ERIC Number: EJ942945
Record Type: Journal
Publication Date: 2004-Mar
Abstractor: As Provided
Magical Thinking in Judgments of Causation: Can Anomalous Phenomena Affect Ontological Causal Beliefs in Children and Adults?
British Journal of Developmental Psychology, v22 n1 p123-152 Mar 2004
In four experiments, 4-, 5-, 6- and 9-year-old children and adults were tested on the entrenchment of their magical beliefs and their beliefs in the universal power of physical causality. In Experiment 1, even 4-year-olds showed some understanding of the difference between ordinary and anomalous (magical) causal events, but only 6-year-olds and older participants denied that magic could occur in real life. When shown an anomalous causal event (a transformation of a physical object in an apparently empty box after a magic spell was cast on the box), 4- and 6-year-olds accepted magical explanations of the event, whereas 9-year-olds and adults did not. In Experiment 2, the same patterns of behaviour as above were shown by 6- and 9-year-olds who demonstrated an understanding of the difference between genuine magical events and similarly looking tricks. Testing the entrenchment of magical beliefs in this experiment showed that 5-year-olds tended to retain their magical explanations of the anomalous event, even after the mechanism of the trick had been explained to them, whereas 6- and 9-year-olds did not. In Experiment 3, adult participants refused to accept magical explanations of the anomalous event and interpreted it as a trick or an illusion, even after this event was repeated 4 times. Yet, when in Experiment 4 similar anomalous causal events were demonstrated without reference to magic, most adults acknowledged, both in their verbal judgments and in their actions, that the anomalous effects were not a fiction but had really occurred. The data of this study suggest that in the modern industrialized world, magical beliefs persist but are disguised to fit the dominant scientific paradigm.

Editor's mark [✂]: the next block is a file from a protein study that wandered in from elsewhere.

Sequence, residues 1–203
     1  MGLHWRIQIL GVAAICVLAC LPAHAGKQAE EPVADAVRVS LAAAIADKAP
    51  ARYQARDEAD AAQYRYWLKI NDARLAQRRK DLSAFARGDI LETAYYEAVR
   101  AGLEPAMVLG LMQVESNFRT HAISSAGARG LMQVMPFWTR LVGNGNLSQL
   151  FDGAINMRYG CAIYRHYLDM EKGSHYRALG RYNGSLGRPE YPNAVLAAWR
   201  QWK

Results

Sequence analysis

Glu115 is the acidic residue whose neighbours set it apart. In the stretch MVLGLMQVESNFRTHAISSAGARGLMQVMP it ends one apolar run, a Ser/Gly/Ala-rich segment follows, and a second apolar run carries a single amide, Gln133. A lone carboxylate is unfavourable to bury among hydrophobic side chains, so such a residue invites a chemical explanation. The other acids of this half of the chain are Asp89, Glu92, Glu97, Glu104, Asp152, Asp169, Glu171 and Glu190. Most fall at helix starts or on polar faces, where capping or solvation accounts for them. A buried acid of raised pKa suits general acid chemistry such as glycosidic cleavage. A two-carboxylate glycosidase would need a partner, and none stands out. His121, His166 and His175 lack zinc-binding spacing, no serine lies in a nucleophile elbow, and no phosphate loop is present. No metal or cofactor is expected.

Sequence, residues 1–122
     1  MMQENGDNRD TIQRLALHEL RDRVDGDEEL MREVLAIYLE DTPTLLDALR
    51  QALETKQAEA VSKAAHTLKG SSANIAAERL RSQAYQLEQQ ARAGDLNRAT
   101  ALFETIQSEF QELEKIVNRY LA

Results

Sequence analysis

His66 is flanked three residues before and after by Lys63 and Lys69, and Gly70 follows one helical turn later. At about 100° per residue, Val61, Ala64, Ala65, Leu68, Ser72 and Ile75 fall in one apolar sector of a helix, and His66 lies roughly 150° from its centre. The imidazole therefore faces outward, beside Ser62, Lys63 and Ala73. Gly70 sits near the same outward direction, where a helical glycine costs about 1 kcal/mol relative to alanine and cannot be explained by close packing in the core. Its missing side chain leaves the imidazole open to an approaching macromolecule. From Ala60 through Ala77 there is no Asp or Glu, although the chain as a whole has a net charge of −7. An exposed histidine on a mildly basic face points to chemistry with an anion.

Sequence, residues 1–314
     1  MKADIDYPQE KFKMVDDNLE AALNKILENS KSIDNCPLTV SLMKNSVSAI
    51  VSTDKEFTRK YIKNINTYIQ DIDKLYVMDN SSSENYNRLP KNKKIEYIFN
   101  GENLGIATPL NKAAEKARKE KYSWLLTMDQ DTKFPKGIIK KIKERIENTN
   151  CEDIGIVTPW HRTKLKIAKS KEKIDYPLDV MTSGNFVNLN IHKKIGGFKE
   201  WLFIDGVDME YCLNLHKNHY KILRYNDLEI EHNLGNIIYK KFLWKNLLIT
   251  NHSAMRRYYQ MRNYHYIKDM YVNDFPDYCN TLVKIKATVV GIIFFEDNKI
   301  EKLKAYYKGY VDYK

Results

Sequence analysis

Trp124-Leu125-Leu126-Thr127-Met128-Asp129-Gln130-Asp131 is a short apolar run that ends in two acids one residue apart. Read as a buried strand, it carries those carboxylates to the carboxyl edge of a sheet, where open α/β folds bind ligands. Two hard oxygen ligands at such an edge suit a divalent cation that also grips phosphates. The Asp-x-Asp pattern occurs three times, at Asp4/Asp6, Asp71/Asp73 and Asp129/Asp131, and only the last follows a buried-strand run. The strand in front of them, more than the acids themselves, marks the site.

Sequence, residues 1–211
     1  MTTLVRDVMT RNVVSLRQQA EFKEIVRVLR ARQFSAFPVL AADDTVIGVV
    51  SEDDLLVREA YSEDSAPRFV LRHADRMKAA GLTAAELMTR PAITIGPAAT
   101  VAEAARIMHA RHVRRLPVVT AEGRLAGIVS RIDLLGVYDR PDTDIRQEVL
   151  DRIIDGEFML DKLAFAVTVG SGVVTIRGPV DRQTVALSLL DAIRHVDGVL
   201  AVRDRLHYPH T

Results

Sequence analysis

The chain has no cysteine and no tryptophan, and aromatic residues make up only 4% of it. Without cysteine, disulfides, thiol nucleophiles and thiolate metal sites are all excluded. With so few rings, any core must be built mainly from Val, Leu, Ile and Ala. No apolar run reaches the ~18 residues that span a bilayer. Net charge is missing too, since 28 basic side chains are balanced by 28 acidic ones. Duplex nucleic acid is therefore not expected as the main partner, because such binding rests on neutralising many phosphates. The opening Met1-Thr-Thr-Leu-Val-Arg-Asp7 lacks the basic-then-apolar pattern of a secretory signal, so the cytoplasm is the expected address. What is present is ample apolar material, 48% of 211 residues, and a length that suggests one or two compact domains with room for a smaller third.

Descriptors: Young Children, Beliefs, Adults, Fantasy, Imagination, Age Differences, Children, Attribution Theory, Testing
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Publication Type: Journal Articles; Reports - Research
Education Level: N/A
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